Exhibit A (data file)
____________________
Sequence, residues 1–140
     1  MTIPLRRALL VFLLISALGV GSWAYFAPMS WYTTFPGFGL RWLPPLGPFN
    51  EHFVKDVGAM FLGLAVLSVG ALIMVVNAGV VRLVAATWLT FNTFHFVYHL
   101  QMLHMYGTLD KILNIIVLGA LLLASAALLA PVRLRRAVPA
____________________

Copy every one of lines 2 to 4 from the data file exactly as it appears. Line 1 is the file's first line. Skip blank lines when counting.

     1  MTIPLRRALL VFLLISALGV GSWAYFAPMS WYTTFPGFGL RWLPPLGPFN
    51  EHFVKDVGAM FLGLAVLSVG ALIMVVNAGV VRLVAATWLT FNTFHFVYHL
   101  QMLHMYGTLD KILNIIVLGA LLLASAALLA PVRLRRAVPA